Oregon Department of Justice

Attorney General Ellen F. Rosenblum

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PHARMACEUTICAL COMPANY PAYS OREGON $167,000 TO RESOLVE ILLEGAL MARKETING ALLEGATIONS

May 11, 2011

Stryker Biotech will pay $167,000 to resolve allegations of unlawfully marketing several bone products

Attorney General John Kroger today announced a $167, 000 settlement with the Massachusetts-based biotechnology firm Stryker Biotech, LLC, (Stryker) over its alleged involvement in an unlawful scheme to promote bone growth products.

"We will not tolerate dishonesty by medical device and drug manufacturers," said Attorney General Kroger.

In 2009 Stryker was indicted by federal prosecutors on various fraud charges. Among other things, the company was charged with participating in an illegal marketing scheme to promote the firm's Stryker's OP-1 and Calstrux bone products.

The Oregon Department of Justice opened an investigation into Stryker in September of 2010, which yielded evidence that the company engaged in similar conduct, on a limited basis, with respect to marketing these particular products in Oregon. Specifically, DOJ alleges that Stryker promoted Calstrux as a carrier for OP-1 Implant and OP-1 Putty, a use not approved by the U.S. Food and Drug Administration (FDA). The prohibition against off-label promotion is intended to ensure that medical products are safe and effective for a particular use before a company markets them as such.

OP-1 and OP-1 Putty are morphogenic agents used to promote bone growth in limited circumstances when bones fail to mend. Calstrux is a bone void filler used to fill up unfilled space in a bone during various orthopedic procedures. Some surgeons found Stryker's OP-1 and OP-1 putty difficult to work with and the company introduced Calstrux, which had a more desirable consistency - as a vehicle to hold the OP-1, a purpose that the Federal Food and Drug Administration never determined was safe and effective.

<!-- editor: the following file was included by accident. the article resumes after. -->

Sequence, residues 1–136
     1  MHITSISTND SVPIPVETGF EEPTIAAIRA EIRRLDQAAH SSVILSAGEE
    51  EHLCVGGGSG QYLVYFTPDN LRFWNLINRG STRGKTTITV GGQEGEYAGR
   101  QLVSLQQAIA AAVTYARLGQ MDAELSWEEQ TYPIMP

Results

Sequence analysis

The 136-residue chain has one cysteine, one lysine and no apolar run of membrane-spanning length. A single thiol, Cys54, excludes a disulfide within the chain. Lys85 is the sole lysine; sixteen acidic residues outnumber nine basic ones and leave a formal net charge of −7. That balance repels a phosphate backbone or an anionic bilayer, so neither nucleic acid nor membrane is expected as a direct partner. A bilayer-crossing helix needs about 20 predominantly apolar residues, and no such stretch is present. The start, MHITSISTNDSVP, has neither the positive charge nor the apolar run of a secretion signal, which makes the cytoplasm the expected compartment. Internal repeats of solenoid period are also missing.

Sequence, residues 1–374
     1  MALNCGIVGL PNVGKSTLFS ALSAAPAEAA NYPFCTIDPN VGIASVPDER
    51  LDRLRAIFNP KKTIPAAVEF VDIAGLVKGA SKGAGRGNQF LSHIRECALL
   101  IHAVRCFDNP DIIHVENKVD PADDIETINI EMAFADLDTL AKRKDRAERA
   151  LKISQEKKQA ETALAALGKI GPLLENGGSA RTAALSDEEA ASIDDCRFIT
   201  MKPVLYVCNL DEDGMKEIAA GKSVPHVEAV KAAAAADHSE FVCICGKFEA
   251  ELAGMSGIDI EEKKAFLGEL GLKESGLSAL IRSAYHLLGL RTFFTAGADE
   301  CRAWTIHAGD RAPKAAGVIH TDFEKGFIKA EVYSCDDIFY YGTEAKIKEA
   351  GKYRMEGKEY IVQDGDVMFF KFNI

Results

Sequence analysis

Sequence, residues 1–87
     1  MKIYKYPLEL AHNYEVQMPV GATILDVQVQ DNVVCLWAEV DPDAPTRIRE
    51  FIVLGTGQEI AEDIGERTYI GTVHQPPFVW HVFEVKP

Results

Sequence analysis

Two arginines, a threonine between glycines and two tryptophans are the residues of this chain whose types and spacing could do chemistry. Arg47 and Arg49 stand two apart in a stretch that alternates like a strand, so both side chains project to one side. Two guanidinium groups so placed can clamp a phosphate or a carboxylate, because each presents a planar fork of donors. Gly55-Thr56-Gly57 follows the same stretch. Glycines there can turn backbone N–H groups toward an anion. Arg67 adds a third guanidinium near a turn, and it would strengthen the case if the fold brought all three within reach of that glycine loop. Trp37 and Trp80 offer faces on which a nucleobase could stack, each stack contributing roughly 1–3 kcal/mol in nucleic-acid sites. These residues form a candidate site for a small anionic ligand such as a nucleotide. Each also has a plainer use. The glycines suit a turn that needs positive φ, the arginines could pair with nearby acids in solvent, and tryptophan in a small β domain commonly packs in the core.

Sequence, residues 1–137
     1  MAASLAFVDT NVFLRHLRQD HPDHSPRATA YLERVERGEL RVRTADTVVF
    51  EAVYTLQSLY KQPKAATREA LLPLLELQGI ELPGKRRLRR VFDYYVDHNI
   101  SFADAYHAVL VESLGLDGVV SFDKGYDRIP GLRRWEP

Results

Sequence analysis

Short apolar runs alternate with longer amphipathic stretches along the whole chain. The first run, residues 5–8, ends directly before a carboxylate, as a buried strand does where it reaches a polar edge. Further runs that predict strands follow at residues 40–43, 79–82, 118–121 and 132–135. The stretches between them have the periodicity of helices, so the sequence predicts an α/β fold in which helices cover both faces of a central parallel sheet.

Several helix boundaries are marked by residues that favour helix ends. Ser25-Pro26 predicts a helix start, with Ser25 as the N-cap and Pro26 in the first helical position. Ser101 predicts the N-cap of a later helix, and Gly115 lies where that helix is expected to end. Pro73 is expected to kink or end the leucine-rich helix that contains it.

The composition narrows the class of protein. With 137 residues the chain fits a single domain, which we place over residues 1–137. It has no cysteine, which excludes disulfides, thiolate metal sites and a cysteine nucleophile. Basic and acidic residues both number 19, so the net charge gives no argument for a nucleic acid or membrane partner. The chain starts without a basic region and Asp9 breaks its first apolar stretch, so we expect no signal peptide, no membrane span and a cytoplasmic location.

Stryker reportedly failed to disclose known safety risks or that the products were never studied or approved for use together. Calstrux was ultimately pulled from the market.

Although the Department of Justice concluded that only nine units of Calstrux had been sold in Oregon, Stryker agreed to pay $167,000 to resolve claims related to the off-label marketing and pay for the cost of Oregon's investigation. The settlement also includes injunctive terms prohibiting the company from making any claim regarding the safety or effectiveness of a product for uses unapproved by the FDA or misleading or deceiving healthcare professionals about the appropriate use of Stryker products. 

The case was handled by David Hart, Assistant Attorney in Charge of Financial Fraud/Consumer Protection, and Assistant Attorney General Merrill Maiano.

The Oregon Department of Justice is recognized as a national leader in the fight against health care fraud. In addition to prosecuting criminal health care fraud, the Department of Justice has filed lawsuits against pharmaceutical companies for conducing fraudulent marketing campaigns. In the past year alone, the Oregon Department of Justice's Medicaid and Financial Fraud units recovered $33.5 million for Oregon from companies like AstraZeneca, GlaxoSmithKline and Omnicare for defrauding Oregon consumers and the state Medicaid program.

Attorney General John Kroger leads the Oregon Department of Justice.  The Department's mission is to fight crime and fraud, protect the environment, improve child welfare, promote a positive business climate, and defend the rights of all Oregonians.

Contact:

Tony Green, (503) 378-6002 tony.green@doj.state.or.us |
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